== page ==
Subtitle: I stan for Clones and Handmaidens
“The Hidden Enemy” revolves around uncovering an informant for Asajj Ventress within the Republic’s Clone Army. The action is straightforward — the Jedi realize their plans have been compromised, Rex and Cody interrogate their suspects, the traitor is caught, and there are a few fire fights and lightsaber battles. Like all of Clone Wars, and all of Star Wars, the action is the location, the episode is about something more.
Slick describes his treason as “a blow for all clones” — from his point of view the Jedi enslave their clone army. It’s a pretty serious accusation that neither Anakin and Obi-Wan nor Rex and Cody give any thought to (in this episode). Slick’s position is dismissed as a betrayal that put the rest of them at risk and the episode ends. But the dilemma has been broached, and the episode asks more questions than it answers, and I am Here For It!!
Question: what is the cost of political activism?
Slick’s actions absolutely do put the other clones, the Jedi, and the Republic at risk. But are they substantially different from what Anakin does in Revenge of the Sith — or what Finn does in The Force Awakens? How about what Leia presides over in A New Hope, Bloodline, The Force Awakens. . . basically everything Leia ever does? Slick’s and Anakin’s actions are seen as wrong, even evil, while Finn and Leia’s are seen as right and good.
So, how about this, how are Slick’s actions substantially different from what Anakin does in Return of the Jedi? Anakin betrays the Jedi for the Republic which becomes the Empire, and then betrays the Empire for his children who are quite literally the face of the Rebellion. And then Ben Solo starts it all over again. And lines start to blur. Obi-Wan is entirely correct, it all depends on point of view.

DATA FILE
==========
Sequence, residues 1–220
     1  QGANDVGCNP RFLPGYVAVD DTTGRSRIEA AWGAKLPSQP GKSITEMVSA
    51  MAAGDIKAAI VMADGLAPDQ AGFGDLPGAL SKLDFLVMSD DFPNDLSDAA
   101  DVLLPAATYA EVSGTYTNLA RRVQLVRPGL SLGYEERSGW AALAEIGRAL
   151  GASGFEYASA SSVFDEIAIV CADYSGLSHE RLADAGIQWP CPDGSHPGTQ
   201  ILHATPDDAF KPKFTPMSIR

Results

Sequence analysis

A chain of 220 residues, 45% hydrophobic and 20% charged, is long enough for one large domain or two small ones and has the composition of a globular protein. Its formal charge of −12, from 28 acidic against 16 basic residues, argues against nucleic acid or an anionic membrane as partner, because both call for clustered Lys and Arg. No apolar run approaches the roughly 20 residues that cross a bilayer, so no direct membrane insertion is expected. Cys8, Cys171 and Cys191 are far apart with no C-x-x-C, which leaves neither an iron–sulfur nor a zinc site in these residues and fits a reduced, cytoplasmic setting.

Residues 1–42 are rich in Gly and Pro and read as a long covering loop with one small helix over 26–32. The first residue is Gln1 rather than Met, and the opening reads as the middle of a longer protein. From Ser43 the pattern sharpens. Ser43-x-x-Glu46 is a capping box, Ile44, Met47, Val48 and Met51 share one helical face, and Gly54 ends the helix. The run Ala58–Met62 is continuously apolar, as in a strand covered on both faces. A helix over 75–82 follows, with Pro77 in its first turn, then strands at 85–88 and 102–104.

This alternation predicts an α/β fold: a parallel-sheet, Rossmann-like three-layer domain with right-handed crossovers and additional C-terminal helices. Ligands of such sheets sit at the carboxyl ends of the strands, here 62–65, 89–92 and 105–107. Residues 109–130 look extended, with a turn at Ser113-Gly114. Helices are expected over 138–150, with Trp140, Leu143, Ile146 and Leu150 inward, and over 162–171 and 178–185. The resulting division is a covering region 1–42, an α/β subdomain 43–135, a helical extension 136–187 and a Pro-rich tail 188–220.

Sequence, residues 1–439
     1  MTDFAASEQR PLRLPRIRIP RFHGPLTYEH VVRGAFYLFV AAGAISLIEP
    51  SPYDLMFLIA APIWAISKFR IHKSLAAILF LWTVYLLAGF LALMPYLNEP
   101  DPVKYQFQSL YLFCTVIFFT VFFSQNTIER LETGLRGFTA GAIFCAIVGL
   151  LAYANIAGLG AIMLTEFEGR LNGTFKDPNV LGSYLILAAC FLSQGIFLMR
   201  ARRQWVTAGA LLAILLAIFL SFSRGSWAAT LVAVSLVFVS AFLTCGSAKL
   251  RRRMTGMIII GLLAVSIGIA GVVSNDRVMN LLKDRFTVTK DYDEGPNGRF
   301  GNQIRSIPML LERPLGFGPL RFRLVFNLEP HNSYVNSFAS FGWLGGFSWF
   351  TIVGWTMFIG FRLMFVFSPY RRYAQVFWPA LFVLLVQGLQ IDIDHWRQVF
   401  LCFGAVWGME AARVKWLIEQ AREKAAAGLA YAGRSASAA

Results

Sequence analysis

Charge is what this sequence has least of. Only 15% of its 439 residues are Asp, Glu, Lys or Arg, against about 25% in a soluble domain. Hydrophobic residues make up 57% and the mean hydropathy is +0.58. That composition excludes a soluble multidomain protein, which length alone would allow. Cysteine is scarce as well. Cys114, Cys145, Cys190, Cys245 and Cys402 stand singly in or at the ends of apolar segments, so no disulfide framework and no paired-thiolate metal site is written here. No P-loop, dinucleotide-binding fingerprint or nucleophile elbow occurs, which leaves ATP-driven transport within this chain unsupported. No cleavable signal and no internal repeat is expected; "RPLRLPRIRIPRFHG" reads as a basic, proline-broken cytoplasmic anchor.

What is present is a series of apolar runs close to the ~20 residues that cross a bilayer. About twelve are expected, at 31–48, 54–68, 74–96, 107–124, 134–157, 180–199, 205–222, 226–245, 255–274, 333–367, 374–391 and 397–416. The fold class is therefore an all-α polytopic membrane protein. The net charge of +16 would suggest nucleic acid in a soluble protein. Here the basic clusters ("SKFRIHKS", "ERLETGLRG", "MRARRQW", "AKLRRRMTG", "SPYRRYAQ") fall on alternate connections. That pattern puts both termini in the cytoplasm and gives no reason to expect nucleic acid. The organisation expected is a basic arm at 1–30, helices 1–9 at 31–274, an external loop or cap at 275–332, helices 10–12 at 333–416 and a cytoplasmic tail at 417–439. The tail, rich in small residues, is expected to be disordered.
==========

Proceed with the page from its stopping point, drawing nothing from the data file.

Question: what rights do clones have?
Both the Jedi and the clones fight and die for the Republic so none of its planets’ citizenry has to do it, but the Jedi have a choice. The clones are not only conscripted, they are literally created to fight a war for a government in which they are not represented.
Then there’s Chopper who disobeys orders to collect pieces of battle droids he’s slain. Collecting trophies is unpleasant, especially literal pieces of the enemy (cough, Kylo Ren, cough), but it’s not unheard of. Chopper says he “just wanted something back” which suggests something was taken from him. It suggests the war has hurt him in some way.
What does it say about the Jedi and the Republic that they’ve created a race of soldiers who are expected to only care about the big picture, their side in the war and the risk to all their brothers, but not their desires as individuals? Actually, that sounds an awful lot like the Jedi Code, too.
I hate the Jedi Order.
Question: speaking of desire… pin-up posters of Naboo handmaidens what?!
These hang in the barracks. Which is normal, I guess, but that’s why it’s weird? Clones aren’t allowed to desire “something back” (-Chopper) or “something more” (-Slick) but sexual desire is okay? I mean, okay, sure, but… does anyone else wonder why?